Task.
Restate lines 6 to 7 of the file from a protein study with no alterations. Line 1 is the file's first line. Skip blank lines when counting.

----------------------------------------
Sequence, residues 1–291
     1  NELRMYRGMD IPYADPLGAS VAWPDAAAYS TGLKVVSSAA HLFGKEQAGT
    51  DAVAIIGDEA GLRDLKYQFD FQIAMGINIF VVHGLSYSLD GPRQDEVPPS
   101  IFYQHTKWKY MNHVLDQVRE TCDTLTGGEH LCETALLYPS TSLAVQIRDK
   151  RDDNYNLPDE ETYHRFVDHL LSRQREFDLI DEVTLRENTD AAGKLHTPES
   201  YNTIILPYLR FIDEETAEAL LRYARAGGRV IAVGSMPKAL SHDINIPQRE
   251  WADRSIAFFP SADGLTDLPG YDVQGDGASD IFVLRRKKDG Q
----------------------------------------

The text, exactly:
   201  YNTIILPYLR FIDEETAEAL LRYARAGGRV IAVGSMPKAL SHDINIPQRE
   251  WADRSIAFFP SADGLTDLPG YDVQGDGASD IFVLRRKKDG Q